Send to

Choose Destination
See comment in PubMed Commons below
Clin Exp Immunol. 2008 Jun;152(3):517-21. doi: 10.1111/j.1365-2249.2008.03617.x.

Serum levels of interleukin 6 in recently hospitalized tick-borne encephalitis patients correlate with age, but not with disease outcome.

Author information

City Centre of Endemic Infections, Eikatherinburg, Russia.


Infection with many encephalitic viruses is associated with the induction of the proinflammatory cytokine interleukin (IL)-6. In some situations, induction of high levels of this cytokine is associated with a protective response, but in others it can be linked to tissue damage and disease. In the studies reported here, levels of serum IL-6 and virus-specific antibodies were measured on admission to hospital and correlated with clinical outcomes. Only some patients demonstrated raised levels of serum IL-6, and there was no correlation between high levels of this cytokine and either gender or the severity of clinical disease. A statistically significant association between raised IL-6 and age was observed, with all individuals below the age of 26 showing normal levels of serum IL-6, regardless of clinical presentation. Furthermore, not all patients had detectable levels of virus-specific serum immunoglobulin G (IgG) antibodies, but an inverse and statistically significant correlation between raised IL-6 levels and IgG titre was observed. Consequently, serum levels of IL-6 cannot be used as a reliable indicator of disease outcome.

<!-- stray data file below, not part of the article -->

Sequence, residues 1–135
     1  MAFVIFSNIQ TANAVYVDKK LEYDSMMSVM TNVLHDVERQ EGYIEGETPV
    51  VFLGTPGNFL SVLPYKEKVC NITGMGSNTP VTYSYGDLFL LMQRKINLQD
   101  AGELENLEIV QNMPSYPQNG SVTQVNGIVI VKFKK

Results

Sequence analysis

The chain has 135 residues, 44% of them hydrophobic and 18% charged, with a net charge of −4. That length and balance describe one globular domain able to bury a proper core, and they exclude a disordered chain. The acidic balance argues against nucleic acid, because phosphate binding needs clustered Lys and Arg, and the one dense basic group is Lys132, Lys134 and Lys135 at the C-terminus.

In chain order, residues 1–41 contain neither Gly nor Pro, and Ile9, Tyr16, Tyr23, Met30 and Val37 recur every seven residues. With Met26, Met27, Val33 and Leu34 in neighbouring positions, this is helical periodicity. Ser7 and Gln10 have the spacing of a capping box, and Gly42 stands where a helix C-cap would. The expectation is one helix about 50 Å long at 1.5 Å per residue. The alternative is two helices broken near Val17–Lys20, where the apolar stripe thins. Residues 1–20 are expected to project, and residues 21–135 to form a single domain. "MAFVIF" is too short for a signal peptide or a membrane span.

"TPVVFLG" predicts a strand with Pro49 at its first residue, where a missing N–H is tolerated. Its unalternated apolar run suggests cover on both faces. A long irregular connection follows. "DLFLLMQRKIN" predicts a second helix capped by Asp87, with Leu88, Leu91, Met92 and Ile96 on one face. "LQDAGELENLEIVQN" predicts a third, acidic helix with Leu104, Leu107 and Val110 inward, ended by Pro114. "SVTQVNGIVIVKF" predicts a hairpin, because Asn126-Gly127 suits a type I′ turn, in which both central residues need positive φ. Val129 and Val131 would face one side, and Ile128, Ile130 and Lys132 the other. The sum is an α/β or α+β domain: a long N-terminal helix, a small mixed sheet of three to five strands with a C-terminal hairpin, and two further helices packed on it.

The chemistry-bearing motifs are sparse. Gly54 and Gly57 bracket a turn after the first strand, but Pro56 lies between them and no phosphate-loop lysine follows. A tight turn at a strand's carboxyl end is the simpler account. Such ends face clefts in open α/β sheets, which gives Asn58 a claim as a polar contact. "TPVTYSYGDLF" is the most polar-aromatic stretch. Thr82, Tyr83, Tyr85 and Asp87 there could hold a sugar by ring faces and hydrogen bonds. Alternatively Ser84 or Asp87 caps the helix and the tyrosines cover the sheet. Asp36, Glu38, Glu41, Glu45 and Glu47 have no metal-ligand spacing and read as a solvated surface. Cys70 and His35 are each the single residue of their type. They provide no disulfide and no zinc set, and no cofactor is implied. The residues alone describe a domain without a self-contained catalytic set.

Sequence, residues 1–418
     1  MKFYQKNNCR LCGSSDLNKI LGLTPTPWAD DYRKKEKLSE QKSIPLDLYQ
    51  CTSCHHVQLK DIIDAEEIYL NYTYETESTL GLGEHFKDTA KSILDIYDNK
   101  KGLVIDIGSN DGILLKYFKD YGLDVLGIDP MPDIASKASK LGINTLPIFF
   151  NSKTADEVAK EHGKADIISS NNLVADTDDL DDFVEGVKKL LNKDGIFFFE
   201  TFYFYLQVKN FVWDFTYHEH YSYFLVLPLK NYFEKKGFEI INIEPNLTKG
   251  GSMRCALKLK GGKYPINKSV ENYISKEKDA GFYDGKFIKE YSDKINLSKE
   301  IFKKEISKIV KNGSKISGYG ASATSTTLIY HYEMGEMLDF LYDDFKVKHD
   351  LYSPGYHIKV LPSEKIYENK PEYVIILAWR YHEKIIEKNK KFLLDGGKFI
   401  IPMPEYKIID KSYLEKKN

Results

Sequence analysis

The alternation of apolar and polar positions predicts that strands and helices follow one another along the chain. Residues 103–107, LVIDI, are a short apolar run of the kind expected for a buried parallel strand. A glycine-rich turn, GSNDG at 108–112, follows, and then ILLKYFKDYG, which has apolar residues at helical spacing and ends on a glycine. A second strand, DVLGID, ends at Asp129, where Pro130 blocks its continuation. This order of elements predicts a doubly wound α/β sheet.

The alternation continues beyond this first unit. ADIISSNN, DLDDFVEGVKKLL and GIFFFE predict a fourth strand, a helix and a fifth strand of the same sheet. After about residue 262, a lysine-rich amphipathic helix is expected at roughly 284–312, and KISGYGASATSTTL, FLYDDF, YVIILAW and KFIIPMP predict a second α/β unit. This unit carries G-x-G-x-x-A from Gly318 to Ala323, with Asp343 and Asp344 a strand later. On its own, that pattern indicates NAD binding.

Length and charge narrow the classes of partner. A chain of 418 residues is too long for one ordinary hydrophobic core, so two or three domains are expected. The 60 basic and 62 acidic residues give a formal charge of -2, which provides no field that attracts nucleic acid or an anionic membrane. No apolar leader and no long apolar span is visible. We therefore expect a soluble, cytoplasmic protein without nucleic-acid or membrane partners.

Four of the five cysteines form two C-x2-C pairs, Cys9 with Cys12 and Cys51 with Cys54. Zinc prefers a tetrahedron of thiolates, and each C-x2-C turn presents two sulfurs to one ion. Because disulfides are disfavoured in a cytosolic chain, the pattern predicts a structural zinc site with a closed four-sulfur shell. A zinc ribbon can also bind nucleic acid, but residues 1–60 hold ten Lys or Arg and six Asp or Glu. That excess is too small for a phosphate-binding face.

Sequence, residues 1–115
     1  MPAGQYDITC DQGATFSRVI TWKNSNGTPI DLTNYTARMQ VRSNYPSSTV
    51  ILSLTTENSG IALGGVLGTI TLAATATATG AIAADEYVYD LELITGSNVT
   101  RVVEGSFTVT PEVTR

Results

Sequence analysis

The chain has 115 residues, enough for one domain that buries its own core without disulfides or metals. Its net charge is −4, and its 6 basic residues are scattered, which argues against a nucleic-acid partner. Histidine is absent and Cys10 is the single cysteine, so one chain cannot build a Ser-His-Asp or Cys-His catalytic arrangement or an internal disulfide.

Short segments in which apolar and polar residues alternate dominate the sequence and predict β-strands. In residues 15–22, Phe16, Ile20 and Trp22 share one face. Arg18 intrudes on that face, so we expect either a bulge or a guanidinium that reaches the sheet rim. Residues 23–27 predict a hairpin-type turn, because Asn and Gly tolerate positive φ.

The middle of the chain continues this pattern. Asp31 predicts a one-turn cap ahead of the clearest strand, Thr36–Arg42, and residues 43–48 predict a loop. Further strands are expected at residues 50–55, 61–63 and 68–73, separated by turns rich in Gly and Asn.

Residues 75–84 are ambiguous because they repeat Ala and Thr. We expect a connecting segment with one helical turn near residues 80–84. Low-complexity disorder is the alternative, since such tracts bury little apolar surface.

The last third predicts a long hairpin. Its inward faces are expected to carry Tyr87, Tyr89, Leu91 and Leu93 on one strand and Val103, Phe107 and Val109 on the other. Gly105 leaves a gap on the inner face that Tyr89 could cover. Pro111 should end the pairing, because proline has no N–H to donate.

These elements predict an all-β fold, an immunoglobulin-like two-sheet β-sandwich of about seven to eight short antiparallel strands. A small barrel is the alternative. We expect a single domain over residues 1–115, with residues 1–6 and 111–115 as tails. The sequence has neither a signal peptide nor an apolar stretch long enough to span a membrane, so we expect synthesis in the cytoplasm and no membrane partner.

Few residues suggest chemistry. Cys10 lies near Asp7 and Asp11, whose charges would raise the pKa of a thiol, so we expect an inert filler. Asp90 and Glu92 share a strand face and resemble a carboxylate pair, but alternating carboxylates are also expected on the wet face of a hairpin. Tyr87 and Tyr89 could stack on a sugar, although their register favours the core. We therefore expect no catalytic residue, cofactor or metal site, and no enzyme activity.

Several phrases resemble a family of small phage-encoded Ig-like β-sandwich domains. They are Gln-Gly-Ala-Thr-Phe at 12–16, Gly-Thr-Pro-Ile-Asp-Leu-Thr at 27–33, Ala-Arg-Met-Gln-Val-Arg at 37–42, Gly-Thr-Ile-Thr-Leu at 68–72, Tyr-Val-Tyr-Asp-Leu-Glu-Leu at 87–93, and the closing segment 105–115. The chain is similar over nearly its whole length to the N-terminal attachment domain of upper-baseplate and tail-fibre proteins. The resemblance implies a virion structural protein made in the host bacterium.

[Indexed for MEDLINE]
Free PMC Article
PubMed Commons home

PubMed Commons

How to join PubMed Commons

    Supplemental Content

    Full text links

    Icon for Wiley Icon for PubMed Central
    Loading ...
    Support Center